Jason Frank writes:
“Debating whether we should call such movements “populist” is a semantic distraction: it too often mires us in unproductive verbal disputes or obfuscates ideological differences that should be engaged on their own terms.”
But this is odd. The forum (and the wider project it represents) seeks to rescue the concept of populism from its detractors. Indeed, the whole enterprise is premised on the idea that those who attack populism are really attacking its radical democratic potential. Which in turn means that the authoritarian and xenophobic manifestations in question are not deviations but themselves harbor a link to that potential. Otherwise, there would be nothing at stake in the term.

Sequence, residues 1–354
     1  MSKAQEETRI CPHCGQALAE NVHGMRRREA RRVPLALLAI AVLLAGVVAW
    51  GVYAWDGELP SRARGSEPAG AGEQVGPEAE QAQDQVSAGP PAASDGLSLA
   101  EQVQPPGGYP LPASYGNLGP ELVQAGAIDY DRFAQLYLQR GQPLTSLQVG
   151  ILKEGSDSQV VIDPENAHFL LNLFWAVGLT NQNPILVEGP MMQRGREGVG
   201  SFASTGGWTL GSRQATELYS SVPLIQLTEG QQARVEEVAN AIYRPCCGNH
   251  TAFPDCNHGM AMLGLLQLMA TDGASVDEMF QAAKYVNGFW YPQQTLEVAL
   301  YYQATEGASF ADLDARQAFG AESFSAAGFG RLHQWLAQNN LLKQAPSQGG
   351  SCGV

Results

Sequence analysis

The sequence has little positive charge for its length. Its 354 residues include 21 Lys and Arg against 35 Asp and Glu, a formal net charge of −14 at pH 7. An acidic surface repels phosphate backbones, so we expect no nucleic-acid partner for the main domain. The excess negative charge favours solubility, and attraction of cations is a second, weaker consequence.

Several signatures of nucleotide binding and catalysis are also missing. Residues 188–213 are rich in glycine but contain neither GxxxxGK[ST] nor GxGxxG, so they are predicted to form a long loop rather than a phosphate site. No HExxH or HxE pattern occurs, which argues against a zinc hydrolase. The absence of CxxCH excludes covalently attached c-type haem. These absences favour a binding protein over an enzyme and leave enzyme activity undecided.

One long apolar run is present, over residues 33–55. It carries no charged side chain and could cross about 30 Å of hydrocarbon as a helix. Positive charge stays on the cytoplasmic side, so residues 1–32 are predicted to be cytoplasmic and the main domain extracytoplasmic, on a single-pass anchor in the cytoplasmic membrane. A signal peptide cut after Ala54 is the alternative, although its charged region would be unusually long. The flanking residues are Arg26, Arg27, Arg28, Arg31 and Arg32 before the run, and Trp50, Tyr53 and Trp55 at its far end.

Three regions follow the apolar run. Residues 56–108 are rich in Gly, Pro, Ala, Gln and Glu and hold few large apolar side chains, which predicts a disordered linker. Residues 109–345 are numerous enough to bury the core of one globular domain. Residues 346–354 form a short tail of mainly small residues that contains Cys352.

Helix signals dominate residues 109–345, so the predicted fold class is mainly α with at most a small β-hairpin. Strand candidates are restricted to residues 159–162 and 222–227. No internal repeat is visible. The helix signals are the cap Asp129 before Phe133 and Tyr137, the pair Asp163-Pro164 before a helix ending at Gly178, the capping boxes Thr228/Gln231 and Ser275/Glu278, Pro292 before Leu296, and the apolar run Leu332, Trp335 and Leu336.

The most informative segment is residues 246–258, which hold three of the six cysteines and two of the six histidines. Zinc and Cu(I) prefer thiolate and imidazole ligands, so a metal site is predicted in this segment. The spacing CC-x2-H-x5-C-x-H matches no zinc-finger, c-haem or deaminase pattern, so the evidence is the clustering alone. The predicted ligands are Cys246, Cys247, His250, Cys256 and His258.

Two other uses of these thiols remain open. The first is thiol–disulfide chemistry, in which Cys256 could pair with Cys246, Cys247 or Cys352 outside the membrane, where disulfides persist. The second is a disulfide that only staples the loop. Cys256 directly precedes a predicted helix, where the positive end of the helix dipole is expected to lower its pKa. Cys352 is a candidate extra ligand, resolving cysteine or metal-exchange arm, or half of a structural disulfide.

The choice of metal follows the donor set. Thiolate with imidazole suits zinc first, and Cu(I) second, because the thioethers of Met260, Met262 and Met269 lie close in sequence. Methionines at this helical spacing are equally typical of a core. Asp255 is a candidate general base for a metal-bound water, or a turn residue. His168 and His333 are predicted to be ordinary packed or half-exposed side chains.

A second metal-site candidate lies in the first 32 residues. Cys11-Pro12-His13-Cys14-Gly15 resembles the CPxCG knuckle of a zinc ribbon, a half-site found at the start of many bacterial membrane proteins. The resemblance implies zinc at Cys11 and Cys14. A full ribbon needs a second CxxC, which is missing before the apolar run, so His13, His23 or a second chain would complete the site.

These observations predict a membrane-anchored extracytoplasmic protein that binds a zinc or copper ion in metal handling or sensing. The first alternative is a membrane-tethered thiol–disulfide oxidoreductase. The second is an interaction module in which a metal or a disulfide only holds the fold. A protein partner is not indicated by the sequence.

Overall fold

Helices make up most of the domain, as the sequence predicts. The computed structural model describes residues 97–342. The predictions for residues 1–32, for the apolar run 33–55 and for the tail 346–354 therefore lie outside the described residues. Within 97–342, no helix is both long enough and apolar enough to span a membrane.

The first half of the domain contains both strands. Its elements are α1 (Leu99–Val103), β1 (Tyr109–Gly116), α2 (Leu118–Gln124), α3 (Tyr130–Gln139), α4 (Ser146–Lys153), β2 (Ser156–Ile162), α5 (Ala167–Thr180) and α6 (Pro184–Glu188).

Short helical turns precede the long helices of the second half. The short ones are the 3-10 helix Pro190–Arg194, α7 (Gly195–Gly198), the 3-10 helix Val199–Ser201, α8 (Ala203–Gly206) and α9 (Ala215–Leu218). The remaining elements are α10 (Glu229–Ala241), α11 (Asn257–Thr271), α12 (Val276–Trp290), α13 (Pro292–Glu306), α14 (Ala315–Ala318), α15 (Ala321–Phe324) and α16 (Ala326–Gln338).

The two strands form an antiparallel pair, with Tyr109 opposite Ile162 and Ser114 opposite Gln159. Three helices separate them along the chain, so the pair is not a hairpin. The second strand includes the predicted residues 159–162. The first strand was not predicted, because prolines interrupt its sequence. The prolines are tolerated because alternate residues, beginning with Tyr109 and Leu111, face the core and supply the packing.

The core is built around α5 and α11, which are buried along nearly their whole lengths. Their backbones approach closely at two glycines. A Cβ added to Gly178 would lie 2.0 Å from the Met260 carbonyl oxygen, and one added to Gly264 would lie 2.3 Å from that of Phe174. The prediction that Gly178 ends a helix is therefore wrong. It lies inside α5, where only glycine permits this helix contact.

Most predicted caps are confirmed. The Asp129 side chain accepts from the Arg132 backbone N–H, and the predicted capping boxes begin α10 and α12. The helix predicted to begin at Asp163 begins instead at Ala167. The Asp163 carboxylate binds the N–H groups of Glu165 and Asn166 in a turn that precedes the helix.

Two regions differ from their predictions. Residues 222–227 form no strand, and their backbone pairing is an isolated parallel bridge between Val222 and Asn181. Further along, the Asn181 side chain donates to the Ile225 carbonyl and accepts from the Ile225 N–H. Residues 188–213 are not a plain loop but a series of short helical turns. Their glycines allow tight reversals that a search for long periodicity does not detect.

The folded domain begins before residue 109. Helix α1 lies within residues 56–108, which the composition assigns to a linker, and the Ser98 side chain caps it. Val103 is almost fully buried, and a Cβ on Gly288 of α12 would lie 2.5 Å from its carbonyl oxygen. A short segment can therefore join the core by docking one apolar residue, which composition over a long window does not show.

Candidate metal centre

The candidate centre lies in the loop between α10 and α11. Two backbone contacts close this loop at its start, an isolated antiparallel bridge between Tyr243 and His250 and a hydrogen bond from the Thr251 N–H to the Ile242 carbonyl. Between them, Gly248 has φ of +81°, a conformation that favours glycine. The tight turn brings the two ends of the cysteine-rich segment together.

Yet there is clearly something crucial at stake. So why hedge by pretending that the term’s meaning is merely semantic? If it is, drop the term entirely and make the case for radically egalitarian participatory democracy. Maybe even directly oppose the latter to populism! The refusal to do so indicates that something far more than “semantics” is at the heart of the matter.